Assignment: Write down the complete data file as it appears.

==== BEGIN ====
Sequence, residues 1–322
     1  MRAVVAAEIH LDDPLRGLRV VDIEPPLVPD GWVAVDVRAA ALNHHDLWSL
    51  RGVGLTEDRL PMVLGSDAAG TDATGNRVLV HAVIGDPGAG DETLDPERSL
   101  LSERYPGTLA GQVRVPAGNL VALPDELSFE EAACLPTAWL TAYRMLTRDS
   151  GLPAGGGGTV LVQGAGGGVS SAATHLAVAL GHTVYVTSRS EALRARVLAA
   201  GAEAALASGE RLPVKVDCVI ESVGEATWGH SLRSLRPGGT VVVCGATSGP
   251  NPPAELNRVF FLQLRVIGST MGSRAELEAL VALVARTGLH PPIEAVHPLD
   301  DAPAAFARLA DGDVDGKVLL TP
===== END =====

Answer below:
Sequence, residues 1–322
     1  MRAVVAAEIH LDDPLRGLRV VDIEPPLVPD GWVAVDVRAA ALNHHDLWSL
    51  RGVGLTEDRL PMVLGSDAAG TDATGNRVLV HAVIGDPGAG DETLDPERSL
   101  LSERYPGTLA GQVRVPAGNL VALPDELSFE EAACLPTAWL TAYRMLTRDS
   151  GLPAGGGGTV LVQGAGGGVS SAATHLAVAL GHTVYVTSRS EALRARVLAA
   201  GAEAALASGE RLPVKVDCVI ESVGEATWGH SLRSLRPGGT VVVCGATSGP
   251  NPPAELNRVF FLQLRVIGST MGSRAELEAL VALVARTGLH PPIEAVHPLD
   301  DAPAAFARLA DGDVDGKVLL TP